To eliminate any interfering factors such as hype over an artist which might skew the results, I would have to find a group of paintings, all by the same artist, which were all sold at the same auction. Then I would sit the subjects in front of a screen, with their hands connected up to the pshychogalvanometer (a device which measures electrical resistance of the skin), display the paintings one at a time and measure the response. I would find an average reading for each artwork and make a league table which I would then compare with the sale prices.

    Extra Information

    Galvanic skin response is a measure of the electrical resistance of a person's skin. Skin resistance is lowered when you sweat and you sweat a tiny bit whenever something arouses your emotions. It is an un-fakeable measure of how a person is reacting emotionally to a stimulus.

    Some abstract art is better than others, but few people can put into words exactly why; it's something we just feel. When people do put into words the value of a certain artwork, it often seems absurd, as anyone who's spent any time eavesdropping in galleries knows.

    If it is true that good art is good art because it hits us on an emotional level, then it should be easy to measure which is the good art and which is the bad, by measuring the emotional response of people viewing it. If the results are positive, it would be a great thing for people like me, who are puzzled by the astronomically high prices paid for a Rothko or a Pollock. We would have an objective measure of the value of an abstract work of art.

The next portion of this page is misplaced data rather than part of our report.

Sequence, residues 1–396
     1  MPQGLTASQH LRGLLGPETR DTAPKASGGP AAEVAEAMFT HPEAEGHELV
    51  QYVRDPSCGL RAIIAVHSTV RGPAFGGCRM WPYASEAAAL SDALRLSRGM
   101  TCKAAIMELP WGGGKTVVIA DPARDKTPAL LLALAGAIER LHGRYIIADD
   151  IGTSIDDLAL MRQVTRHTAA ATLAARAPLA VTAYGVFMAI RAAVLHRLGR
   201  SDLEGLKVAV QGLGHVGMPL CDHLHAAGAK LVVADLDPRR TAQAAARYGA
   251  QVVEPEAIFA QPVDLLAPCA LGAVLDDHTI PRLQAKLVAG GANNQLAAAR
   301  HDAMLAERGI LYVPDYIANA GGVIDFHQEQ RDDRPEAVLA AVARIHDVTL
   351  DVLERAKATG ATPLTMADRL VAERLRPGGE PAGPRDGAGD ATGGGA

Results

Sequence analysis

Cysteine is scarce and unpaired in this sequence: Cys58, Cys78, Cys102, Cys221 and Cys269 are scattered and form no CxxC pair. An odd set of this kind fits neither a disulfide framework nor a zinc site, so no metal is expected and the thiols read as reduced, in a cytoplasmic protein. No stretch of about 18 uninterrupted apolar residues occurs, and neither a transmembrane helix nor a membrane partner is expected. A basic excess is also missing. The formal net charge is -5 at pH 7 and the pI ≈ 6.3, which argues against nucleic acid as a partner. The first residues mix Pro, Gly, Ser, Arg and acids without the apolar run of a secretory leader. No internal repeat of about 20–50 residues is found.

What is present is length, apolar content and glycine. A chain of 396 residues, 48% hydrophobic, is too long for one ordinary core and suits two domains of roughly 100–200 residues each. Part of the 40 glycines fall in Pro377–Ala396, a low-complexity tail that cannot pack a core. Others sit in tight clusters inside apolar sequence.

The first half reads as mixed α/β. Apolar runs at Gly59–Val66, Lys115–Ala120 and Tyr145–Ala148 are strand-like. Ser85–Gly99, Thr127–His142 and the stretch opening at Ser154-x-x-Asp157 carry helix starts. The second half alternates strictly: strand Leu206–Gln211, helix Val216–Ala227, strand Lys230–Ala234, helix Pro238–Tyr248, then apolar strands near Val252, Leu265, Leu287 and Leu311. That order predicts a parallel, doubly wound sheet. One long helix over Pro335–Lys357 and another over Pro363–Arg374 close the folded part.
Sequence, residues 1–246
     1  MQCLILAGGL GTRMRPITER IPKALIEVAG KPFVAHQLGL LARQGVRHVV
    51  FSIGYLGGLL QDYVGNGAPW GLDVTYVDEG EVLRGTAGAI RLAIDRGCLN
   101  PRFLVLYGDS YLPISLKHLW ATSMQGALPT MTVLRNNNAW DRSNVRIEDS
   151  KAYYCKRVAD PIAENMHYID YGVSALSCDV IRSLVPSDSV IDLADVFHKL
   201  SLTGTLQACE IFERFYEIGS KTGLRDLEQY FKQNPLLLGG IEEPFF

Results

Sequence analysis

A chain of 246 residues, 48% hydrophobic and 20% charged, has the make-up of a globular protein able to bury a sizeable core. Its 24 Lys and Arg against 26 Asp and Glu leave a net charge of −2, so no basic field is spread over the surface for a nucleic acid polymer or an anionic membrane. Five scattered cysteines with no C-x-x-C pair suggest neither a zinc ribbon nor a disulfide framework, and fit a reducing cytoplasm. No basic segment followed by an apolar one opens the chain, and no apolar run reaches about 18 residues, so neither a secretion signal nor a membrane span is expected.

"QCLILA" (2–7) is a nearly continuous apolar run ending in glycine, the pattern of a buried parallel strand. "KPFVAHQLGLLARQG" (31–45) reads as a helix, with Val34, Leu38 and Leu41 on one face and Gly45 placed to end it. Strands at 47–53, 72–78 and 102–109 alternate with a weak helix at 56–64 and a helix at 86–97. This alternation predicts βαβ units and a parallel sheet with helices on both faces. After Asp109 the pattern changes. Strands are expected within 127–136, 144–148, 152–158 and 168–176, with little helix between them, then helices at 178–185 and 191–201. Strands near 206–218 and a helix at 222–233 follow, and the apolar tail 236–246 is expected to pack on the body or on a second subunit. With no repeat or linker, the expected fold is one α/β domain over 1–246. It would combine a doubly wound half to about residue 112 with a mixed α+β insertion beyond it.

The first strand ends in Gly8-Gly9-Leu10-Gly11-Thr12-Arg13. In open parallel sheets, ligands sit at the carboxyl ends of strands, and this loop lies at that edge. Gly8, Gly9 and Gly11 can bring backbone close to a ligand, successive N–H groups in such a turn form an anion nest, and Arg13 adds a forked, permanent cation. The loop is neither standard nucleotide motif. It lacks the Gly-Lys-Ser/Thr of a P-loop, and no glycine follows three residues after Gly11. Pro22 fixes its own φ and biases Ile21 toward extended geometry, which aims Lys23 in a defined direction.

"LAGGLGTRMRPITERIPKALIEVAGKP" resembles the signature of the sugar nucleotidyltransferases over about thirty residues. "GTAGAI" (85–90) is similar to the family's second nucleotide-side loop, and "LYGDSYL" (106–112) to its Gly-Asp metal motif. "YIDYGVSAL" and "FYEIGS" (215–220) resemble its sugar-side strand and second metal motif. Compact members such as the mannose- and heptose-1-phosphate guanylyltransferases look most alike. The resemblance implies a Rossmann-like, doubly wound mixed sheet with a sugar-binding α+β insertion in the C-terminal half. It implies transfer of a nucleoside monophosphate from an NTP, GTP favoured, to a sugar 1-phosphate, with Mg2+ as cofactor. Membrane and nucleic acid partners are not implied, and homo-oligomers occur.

>>Find out more about Dara's art experiment

    >>Follow Dara's research diary on Facebook

  • fabric

    Name: Val Watham

    Occupation: Organisational Consultant

    Location: Berkshire

    Age: 53

    Original Question: How does fabric pattern affect size perception?

    I want to find out the effect that different fabric designs really have on our perception of someone's size. I would take photographs of volunteers wrapped in different patterns of fabric (stripes, bold patterns, different colours etc. I would then stretch the picture and ask them to reset it to the correct size (as used in body dysmorphia studies). I could then measure how the pattern affected their perception.

    How would you research this?

    I would take photographs of volunteers wrapped in different patterns of fabric (stripes, bold patterns, different colours etc. I would then stretch the picture and ask them to reset it to the correct size (as used in body dysmorphia studies). I could then measure how the pattern affected their perception.

    Extra Information

    I believe Peter Thompson's 2008 study used line drawings and cylinders and was restricted to stripes- I'd like to extend that and use real people. An alternative to using pictures of the person themselves could be to dress models in different fabrics and get the subject to make them the same size.

    >>Find out more about Val's fashion experiment

    >>Follow Val's research diary on Facebook